Hey there, time traveller!
This article was published 5/3/2013 (1602 days ago), so information in it may no longer be current.
It should be clear to everyone in Winnipeg by now that the downtown Hudson Bay store could be shuttered within the next few years, if not sooner, unless a redevelopment plan emerges quickly.
The Bay itself has been patient through decades of declining sales in the once-proud and mighty department store, but there are limits to its loyalty to the province where the Company of Adventurers got its start 342 years ago.
The province and CentreVenture Development Corp., the city's downtown development agency, claim to have a strategy to remake the 87-year-old landmark, but they're not sharing the information.
The redevelopment report is being kept secret because the province says it's too early to begin a discussion about what it's prepared to do to keep the lights burning. Actually, it's not too early at all and the sooner the facts are put on the table, the sooner the taxpayer can become engaged in the challenge ahead.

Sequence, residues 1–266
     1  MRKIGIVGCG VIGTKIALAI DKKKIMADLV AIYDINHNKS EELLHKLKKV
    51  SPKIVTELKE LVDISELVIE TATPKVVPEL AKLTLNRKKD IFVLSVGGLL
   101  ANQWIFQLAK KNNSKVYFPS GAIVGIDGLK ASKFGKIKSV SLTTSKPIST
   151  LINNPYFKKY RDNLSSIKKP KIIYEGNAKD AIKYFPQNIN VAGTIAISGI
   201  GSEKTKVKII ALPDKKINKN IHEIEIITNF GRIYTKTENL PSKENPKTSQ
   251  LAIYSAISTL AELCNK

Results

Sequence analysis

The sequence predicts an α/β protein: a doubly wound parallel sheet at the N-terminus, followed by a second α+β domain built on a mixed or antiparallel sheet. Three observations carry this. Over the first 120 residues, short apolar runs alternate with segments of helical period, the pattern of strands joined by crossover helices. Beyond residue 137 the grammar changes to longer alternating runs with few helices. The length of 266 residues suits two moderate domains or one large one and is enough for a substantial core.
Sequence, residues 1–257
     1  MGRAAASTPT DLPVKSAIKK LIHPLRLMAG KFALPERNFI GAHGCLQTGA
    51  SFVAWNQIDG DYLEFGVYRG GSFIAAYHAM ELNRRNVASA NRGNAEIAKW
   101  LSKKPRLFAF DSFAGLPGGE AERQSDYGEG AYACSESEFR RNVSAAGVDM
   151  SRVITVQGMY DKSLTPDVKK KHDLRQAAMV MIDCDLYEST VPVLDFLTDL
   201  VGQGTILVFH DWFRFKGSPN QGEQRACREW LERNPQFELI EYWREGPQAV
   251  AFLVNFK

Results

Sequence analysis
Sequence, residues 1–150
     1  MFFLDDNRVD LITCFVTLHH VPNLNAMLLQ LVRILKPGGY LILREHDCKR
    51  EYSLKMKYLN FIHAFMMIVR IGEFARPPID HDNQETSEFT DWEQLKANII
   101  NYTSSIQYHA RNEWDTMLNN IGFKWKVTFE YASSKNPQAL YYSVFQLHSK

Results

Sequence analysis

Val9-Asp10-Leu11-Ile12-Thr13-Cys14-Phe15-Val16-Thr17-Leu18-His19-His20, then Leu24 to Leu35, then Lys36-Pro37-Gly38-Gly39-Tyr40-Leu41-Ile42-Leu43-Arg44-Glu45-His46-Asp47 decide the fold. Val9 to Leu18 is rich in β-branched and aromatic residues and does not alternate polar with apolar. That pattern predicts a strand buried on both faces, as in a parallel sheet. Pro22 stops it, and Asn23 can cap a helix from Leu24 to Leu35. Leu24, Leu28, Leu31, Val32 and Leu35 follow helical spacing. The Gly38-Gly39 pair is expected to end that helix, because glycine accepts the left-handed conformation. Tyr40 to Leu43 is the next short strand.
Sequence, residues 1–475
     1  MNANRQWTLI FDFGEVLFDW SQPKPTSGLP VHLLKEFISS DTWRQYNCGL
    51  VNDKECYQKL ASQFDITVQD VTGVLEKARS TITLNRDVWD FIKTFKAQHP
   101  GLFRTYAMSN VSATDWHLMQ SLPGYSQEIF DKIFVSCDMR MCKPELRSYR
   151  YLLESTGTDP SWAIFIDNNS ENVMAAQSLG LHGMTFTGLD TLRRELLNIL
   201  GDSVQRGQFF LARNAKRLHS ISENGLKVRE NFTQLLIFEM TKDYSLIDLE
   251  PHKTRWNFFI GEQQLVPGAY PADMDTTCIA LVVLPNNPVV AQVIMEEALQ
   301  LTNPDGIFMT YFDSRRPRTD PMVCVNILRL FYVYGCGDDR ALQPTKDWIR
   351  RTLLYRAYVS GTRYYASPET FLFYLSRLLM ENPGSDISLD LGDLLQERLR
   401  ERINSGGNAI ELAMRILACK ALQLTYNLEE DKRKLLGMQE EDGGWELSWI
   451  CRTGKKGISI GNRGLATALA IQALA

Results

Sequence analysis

Obviously, government subsidies will be needed to help the building reach its full potential, but how much cash and in what form will depend on the development possibilities.
With 560,000 square feet over six floors, the building is too massive for a single use in Winnipeg's market, but even a mixed-use strategy that included a variety of projects, such as a hotel, condos, offices and restaurants, is a tall order.
Ideally, the Bay would also retain a presence in the building if it was redeveloped, but there are no guarantees.
It's also possible the building would have to be gutted to reduce the size of the floorplate and create an interior courtyard. Another possibility would be to erect a new tower within the building, leaving only the exterior shell as a reminder of the golden era of retail in downtown Winnipeg and of the Bay's seminal role in the province's history.
The only problem is Winnipeg has a surplus of office and commercial space, and many tenants just aren't prepared to pay market rates for high-quality space.
The province should avoid the temptation of adopting a piecemeal approach, such as moving the new merged lotteries and liquor control corporations into the building, since that could leave the building just as forlorn if the Bay were to close its three remaining operational floors.
The Bay will never suffer the same fate as Eaton's Portage Avenue building, but finding new uses for the retail icon is likely to be a very long and costly endeavour. The sooner a full and frank discussion begins, the better.